A petition calling for the former Post Office chief executive, Paula Vennells, to lose her CBE over the Horizon scandal has attracted more than 1 million signatures.
Demands for the honours forfeiture committee to remove her CBE have re-emerged after ITV aired a drama about the scandal, which has been described as the most widespread miscarriage of justice in UK history. Vennells oversaw the organisation while it routinely denied there were problems with its Horizon IT system.
The petition, which is addressed to Sir Chris Wormald, the chair of the forfeiture committee, says: “Evidence has been produced that the Post Office engaged in a mass cover-up which led to the wrongful prosecution of 550 Post Office staff many of whom were subsequently jailed, bankrupted and in some cases, sadly took their own lives.
“Having been handed a CBE for services to the Post Office, and moved out into other senior positions in government and healthcare, it is only right that this award is now withdrawn through the process of forfeiture.”
Rishi Sunak confirmed that the justice secretary, Alex Chalk, was considering ways of helping to clear the names of convicted subpostmasters caught up in the scandal. Chalk and the postal minister, Kevin Hollinrake, are reportedly meeting on Monday to discuss measures the government could bring in.
Several prominent figures have said every person wrongly convicted in the scandal should be exonerated en masse by act of parliament in order to kickstart the process of compensating them.
“This is a mass problem which has got to be dealt with in a mass way, and I think that parliament has got to step in and say that Post Office convictions are not safe,” James Arbuthnot, who sits on the Horizon compensation advisory board, told media on Monday.
“We’ve seen the way that investigators behaved and they behaved in a way which was contrary to the rule of law. These convictions have got to be set aside.”
The former Conservative MP added: “One of the greatest problems is that there have been between 700 and 900 convictions and only 93 have been overturned. That is an awfully small … number.”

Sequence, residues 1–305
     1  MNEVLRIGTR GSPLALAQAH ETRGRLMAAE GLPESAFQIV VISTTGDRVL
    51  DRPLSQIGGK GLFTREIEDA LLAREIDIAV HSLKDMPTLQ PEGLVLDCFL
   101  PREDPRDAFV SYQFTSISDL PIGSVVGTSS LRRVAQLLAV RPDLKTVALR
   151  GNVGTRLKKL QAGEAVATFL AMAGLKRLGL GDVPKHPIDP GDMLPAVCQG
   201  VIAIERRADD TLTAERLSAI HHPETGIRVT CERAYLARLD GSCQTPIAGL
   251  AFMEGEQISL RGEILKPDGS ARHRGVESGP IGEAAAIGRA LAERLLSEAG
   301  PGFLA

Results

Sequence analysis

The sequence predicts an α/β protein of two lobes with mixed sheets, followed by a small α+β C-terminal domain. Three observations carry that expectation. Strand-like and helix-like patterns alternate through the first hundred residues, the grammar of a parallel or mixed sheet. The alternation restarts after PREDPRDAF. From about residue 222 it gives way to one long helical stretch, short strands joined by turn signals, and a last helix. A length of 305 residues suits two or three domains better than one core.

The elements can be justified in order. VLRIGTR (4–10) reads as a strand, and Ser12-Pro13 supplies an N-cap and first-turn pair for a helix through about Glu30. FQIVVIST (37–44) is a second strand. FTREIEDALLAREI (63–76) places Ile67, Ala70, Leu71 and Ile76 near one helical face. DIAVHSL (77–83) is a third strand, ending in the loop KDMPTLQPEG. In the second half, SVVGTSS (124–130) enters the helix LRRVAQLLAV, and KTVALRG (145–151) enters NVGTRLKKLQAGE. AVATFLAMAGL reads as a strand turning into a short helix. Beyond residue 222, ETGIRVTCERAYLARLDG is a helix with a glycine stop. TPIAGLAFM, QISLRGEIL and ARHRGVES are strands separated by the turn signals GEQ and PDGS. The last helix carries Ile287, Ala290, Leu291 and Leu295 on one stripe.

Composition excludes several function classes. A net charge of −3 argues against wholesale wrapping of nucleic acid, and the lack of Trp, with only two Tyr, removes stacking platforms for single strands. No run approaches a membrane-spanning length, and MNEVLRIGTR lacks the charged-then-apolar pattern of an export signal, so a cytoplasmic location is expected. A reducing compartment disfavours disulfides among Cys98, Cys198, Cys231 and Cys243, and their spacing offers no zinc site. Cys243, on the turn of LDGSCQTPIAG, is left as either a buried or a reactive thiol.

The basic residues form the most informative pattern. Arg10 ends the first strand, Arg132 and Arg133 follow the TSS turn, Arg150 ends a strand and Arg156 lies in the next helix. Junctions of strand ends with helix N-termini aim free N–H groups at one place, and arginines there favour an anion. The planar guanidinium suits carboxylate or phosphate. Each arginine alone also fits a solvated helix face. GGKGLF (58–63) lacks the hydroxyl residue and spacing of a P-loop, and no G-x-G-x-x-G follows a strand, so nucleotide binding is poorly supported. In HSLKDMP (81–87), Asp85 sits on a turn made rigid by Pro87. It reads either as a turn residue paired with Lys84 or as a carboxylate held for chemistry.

Many subpostmasters were accused of theft, fraud and false accounting based on data produced by the faulty IT system the Post Office imposed on them in the late 1990s. The Horizon software made it appear money was going missing from their branches and the Post Office relentlessly pursued people between 1999 and 2015; routinely denying there were problems with Horizon, despite knowing that from at least 2010 onwards there were faults in the centralised accounting software.
The scandal was uncovered after work by journalists at Private Eye and Computer Weekly, with several MPs also taking on the campaign for justice in recent years.
Prof Chris Hodges, who chairs the body overseeing efforts to compensate subpostmasters, said parliament must act unilaterally to clear those wrongly convicted. He told BBC Radio 4’s Today programme an act immediately overturning their convictions would mean the laborious process of assigning the compensation could start properly.
He dismissed concerns such action would compromise the independence of the judiciary, thereby setting an unacceptable precedent, saying there was no question of infringing on people’s rights. “The problem with both the [existing system for] overturning the convictions, and the compensation issue, is that individuals need to come forward,” he told Today.
Referring to the ITV drama, he said: “It’s been very vividly illustrated last week, that quite a number of people don’t want to have anything to do with lawyers or the state. They’re still traumatised and that is entirely understandable. They shouldn’t need to come forward. A civilised state should overturn these convictions and deliver compensation with people having to do as little as possible.”
One MP who sits on the Horizon compensation advisory board said prosecutions should follow. Kevan Jones told ITV’s Good Morning Britain: “Look at the evidence in court and the evidence which has come out at the public inquiry. [There are] umpteen charges that could be laid against a number of individuals. That has got to happen. People … want ultimately to know that people are going to be held to account.”